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Bailing out Lehman Brothers?

Bailing out Lehman Brothers? – Lehman Brothers International (Europe) (In Administration) v Exotix Partners LLP and escaping subjective mistakes through contractual construction

Lehman Brothers International (Europe) (In Administration) v Exotix Partners LLP [2019] EWHC 2380 (Ch) is another reminder of the flexibility of contractual construction as an alternative to rectification for subjective mistakes.

The basic facts of the case are that Lehman was holding 22,955 Peruvian Government global depository notes (GDNs), a form of exotic securities which are derivates from governmental bonds issued by an intermediary (in this case Citibank). Lehman regarded these GDNs as ‘scraps’ worth approximately $7,500, seemingly on the tacit assumption that the nominal value of the underlying governmental bonds on which they were based was 1 Peruvian Sol (S/). In fact, the nominal value was S/1000, resulting in the GDNs being 1000 times more valuable than was realised. In order to unload these ‘scraps’, Lehman Bros bundled them together with some Venezuelan securities which Exotix wished to purchase and contracted with Exotix, by means of a recorded telephone call, for the sale of GDNs. Exotix also believed that it was purchasing ‘scraps’ and that the GDNs had little value. Subsequently, Lehman Bros transferred 22,955 GDNs to Exotix for a total consideration of $7,707.93 – 1/1000th of their true value. Exotix did not initially notice the mistake, but when they discovered it, resolved not to inform Lehman and sold on the GDNs leading to a windfall of approximately $8.5m, which Lehman sought to recover.

The principal dispute between the parties was one of contractual construction, namely a dispute as to whether the subject-matter of the contract was 22,955 GDNs or whether it was GDNs with a nominal value of S/22,955 (and therefore 22.955 GDNs). This construction dispute had the complication that neither party had given any thought to this distinction, since their mistaken assumption entailed that the two were identical. Ultimately, Hildyard J preferred Lehman’s interpretation that the contract was for GDNs with a nominal value of S/22,955, and therefore that it had over-delivered on the contract effectively one thousand-fold. This interpretation gave rise to the further problem that GDNs are only tradable in integer values, not fractions. Hildyard J resolved this problem through the implication of an implied term that a contract to deliver 22.955 GDNs entailed an obligation to deliver 22 GDNs and then the cash value of the remaining fraction. Hildyard J held that such an implied term could not be derived from established trade custom, as Lehman primarily advanced, but could be implied in order to give coherence to the contract pursuant to The Moorcock or ‘business efficacy’ test.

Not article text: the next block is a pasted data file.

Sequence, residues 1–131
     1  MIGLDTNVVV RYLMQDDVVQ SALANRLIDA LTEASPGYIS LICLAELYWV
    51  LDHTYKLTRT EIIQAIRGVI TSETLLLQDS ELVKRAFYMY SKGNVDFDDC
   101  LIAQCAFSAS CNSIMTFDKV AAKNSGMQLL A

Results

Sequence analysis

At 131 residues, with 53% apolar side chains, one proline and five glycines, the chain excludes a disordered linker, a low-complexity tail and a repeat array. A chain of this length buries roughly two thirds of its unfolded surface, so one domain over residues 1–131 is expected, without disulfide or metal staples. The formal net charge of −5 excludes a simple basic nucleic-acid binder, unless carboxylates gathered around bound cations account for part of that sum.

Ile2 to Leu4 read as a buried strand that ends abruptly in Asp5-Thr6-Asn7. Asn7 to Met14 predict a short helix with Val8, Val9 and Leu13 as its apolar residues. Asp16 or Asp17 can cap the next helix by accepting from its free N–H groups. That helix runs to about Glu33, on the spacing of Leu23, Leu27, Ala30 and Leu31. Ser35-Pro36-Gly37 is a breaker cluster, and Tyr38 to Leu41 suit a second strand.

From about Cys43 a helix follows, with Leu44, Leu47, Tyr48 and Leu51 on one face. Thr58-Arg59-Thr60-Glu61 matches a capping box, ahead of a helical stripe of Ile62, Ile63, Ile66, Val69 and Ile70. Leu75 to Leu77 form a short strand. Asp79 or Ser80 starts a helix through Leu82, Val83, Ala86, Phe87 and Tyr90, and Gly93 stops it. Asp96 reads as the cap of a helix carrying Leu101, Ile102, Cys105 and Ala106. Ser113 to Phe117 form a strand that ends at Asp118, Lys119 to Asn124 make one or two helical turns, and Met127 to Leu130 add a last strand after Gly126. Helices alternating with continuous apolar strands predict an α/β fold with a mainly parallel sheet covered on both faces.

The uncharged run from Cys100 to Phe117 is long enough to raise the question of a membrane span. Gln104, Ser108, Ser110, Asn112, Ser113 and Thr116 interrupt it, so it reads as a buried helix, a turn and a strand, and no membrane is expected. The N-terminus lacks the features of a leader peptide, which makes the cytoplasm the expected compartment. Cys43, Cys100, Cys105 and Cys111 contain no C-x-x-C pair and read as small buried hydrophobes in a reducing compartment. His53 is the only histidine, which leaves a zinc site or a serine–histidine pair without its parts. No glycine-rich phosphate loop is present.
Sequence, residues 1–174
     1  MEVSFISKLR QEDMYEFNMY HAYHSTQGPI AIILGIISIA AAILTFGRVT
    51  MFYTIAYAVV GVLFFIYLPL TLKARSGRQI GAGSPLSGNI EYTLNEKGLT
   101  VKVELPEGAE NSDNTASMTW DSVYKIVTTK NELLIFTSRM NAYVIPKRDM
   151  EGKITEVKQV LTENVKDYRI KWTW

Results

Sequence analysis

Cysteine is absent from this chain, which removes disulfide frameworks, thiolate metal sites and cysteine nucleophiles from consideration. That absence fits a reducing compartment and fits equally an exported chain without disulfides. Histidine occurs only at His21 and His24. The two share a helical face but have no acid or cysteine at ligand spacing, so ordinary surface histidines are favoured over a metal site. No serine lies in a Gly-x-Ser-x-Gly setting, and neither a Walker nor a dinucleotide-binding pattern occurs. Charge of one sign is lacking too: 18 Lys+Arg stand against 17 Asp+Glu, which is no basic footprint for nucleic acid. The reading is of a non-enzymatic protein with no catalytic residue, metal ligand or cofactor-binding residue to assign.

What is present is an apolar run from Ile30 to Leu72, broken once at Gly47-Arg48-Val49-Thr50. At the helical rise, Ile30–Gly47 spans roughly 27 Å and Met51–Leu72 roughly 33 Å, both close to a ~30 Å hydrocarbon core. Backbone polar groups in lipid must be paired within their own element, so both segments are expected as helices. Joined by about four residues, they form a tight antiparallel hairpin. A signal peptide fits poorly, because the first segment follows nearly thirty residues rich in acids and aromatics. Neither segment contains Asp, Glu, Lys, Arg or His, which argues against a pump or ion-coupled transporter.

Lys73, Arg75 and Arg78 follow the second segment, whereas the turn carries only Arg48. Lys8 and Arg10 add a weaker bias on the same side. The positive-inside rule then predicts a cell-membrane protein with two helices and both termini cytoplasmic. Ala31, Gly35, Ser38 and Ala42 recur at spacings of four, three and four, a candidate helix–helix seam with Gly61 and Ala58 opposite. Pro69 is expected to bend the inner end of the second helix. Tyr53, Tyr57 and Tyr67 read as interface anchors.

Alternatively, Hildyard J held, obiter, that if such a term could not be implied, then the contract should be void by reason of a mistake which rendered the contract impossible to perform according to its terms, since it was impossible to transfer 22.955 GDNs. Since Hildyard J regarded the case as one of impossibility (and since Lehman had not advanced a positive case on mistake), he held that the criteria surrounding ‘state of affairs’ mistakes expounded in The Great Peace did not apply to the present contract. In other words, mistakes leading to impossibility of performance were a separate category of mistake capable of avoiding an executory contract and which led to a failure of consideration and restitution in the event of a contract which had been (imperfectly) performed.

This case is an interesting complement to the much-discussed Court of Appeal decision in FSHC Group Holdings Ltd v GLAS Trust Corporation Ltd [2019] EWCA Civ 1361, which clarified that the test for rectification is subjective (at least up to Court of Appeal level). Rectification was not pleaded in Lehman Bros, and the fact that Lehman was able to succeed without such a plea is a useful reminder that a client’s best first port of call having entered into a transaction under a misapprehension may often be a flexible (and sometimes even creative) construction argument. Such an approach enables a judge to take into account a myriad of considerations – including, importantly, good commercial sense – in order to reach the desired result. This can offer a very powerful route of recourse, especially if such an argument can be bolstered by an implied term, as occurred in this case. Moreover, this argument can have the benefit of circumventing some of the express restrictions and the limitations which the courts have placed upon the doctrines of rectification and mistake, which, given their specific purpose of dealing with subjective errors, might initially be thought to be more apposite.

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